The epistle to the Hebrews was written just before the whole Jewish religious economy was swept away by the destruction of Jerusalem. In Hebrews, the Holy Spirit encourages the Jewish believers by showing them that the former system of visible religious symbols (Judaism), instituted in connection with the Law, was only a system of shadows. They who had turned to Christ possessed the realities by faith. The Holy Spirit ends with a call to them to cut their last links with the worn out system of earthly-religion and then He sets before them the Christ Who "suffered outside the gate." The Holy Spirit's exhortation is, "Let us go forth, therefore, to Him (Christ) outside the camp, bearing His reproach" (Heb. 13:12-13).
We are to go forth to Christ outside of the camp, not outside of the city. Hebrews consistently refers to the order of things connected with Israel's wilderness journey — the tabernacle and the camp. Hebrews views Christians as a company with heavenly associations and on their way to a heavenly rest but still in wilderness-conditions on the earth. Israel's wilderness circumstances were typical of our present journey. Further, in the wilderness tabernacle, God set forth His purpose to dwell in the midst of a redeemed people and to gather that people around Himself. Thus the camp was Israel, in an orderly manner, surrounding the dwelling place of God — Israel viewed religiously.
When the book of Hebrews was written, the Shekinah-cloud which had been the glory of Israel's camp, had long since departed. Yet, the camp — Judaism, Israel's religious system — still remained. However, it had sealed its doom by crucifying Jesus outside the gate. The time had thus come for every true Jewish believer to cut his last link with that system of earthly religion even though at its beginning, it was divinely-instituted. There was now nothing left but "weak and beggarly (worthless) elements" (Gal. 4:9).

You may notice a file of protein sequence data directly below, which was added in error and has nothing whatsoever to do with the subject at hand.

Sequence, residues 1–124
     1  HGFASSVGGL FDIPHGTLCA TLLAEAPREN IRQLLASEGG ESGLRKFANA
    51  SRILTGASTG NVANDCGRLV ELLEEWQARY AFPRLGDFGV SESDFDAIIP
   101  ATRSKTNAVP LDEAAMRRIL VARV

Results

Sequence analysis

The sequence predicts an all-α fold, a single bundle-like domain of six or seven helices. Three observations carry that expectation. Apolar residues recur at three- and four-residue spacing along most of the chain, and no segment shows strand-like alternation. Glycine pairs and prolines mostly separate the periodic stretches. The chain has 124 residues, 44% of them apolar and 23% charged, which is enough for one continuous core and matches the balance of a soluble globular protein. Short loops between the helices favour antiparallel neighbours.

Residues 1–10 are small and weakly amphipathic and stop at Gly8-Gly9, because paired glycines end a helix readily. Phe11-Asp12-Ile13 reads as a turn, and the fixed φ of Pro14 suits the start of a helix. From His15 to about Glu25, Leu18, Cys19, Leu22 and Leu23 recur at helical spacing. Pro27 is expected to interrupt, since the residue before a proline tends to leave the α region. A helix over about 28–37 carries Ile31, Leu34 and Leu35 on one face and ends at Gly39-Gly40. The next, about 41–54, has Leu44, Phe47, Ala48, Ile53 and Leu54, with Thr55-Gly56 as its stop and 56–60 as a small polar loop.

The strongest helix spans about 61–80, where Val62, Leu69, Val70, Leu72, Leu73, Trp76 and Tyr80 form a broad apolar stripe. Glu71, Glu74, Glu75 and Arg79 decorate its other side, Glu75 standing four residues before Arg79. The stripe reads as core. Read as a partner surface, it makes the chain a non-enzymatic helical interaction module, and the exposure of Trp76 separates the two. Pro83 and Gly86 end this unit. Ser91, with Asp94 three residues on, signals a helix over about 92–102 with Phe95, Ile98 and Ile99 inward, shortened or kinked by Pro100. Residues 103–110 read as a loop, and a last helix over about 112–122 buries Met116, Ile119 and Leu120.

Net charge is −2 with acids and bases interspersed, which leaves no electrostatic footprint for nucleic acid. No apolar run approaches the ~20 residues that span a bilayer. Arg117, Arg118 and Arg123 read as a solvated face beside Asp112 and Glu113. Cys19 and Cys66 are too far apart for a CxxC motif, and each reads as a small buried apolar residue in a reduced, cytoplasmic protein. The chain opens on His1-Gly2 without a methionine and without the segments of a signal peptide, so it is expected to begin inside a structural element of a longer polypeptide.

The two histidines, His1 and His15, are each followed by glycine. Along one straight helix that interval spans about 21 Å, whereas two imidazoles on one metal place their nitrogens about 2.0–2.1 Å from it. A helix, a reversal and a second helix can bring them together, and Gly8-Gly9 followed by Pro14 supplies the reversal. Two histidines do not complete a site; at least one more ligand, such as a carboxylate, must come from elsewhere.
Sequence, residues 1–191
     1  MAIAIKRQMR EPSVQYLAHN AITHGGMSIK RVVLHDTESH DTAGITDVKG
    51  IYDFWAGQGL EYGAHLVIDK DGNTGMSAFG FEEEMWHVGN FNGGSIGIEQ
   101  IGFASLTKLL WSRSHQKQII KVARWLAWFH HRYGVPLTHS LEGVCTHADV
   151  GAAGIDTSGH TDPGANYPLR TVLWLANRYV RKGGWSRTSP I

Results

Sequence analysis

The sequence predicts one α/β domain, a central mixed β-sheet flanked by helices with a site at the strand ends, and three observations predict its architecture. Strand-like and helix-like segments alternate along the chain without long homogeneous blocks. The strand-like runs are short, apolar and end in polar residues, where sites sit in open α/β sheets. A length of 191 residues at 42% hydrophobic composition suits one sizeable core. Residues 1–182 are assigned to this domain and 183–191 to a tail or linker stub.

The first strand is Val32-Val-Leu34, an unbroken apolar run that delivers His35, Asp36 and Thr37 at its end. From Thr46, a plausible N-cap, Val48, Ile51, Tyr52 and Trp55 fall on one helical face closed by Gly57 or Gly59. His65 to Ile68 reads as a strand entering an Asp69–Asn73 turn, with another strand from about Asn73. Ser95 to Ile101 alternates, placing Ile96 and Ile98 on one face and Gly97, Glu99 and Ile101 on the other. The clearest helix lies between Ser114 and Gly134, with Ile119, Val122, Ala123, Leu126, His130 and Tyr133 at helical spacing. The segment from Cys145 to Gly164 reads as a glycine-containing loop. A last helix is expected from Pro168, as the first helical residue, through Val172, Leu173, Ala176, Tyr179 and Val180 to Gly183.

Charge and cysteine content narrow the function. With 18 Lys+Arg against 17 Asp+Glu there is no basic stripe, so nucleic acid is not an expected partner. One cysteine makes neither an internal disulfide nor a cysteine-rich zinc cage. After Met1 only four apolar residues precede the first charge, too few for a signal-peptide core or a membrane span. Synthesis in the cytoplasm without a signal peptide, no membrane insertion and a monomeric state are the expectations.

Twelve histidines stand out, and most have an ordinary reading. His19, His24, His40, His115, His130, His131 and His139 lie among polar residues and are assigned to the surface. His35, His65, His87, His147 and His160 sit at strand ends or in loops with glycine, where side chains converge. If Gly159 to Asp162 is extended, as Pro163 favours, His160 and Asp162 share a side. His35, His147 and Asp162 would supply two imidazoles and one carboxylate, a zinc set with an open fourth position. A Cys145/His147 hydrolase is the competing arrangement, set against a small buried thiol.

Thus, if in the first century of Christianity, it was God's will that believers who had been inside a divinely-begun earthly religious system should cut their last links with it and go outside of it to Christ, it can not be God's will today for believers to remain inside earthly religious systems which are purely human in their origin and never were at any time instituted by God!
Christ is thus outside of any religious system of human origin (although, of course, He may be much loved by, and be very near to many dear saints who remain entangled in the human system). Thus, we have divine authority to withdraw from any religious organization of human origin so that we may walk according to the divine order as laid down in Scripture.
Separation from evil and from evil men is always the duty of all who fear the Lord and Who Name His Name .
This fact is powerfully stated with full apostolic authority in 2 Tim. 2:14 to 3:5 where separation is commanded six times under six different terms, as follows:
· Shun profane and vain babblings (2 Tim. 2:16)
· Depart from iniquity (2 Tim. 2:19)
· Purge himself out from these (2 Tim. 2:21)
· Flee also youthful lusts (2 Tim. 2:22)
· Avoid foolish and unlearned questions (2 Tim. 2:23)
· Turn away from such (2 Tim. 3:5)
If something is presented to you and you shun, depart from, purge yourself from, flee from, avoid, and turn away from it, you have certainly adopted an attitude of uncompromising separation.
Let's open our Bibles and look at this passage in 2 Timothy 2 in detail.
Verses 14 and 15
Paul tells Timothy to remind believers of the truth and to charge them not to argue over points of no profit and which merely have the effect of mentally overturning the hearers. Then Timothy's personal aim should be to be a skilful workman in God's service, handling the word of God with understanding and accuracy.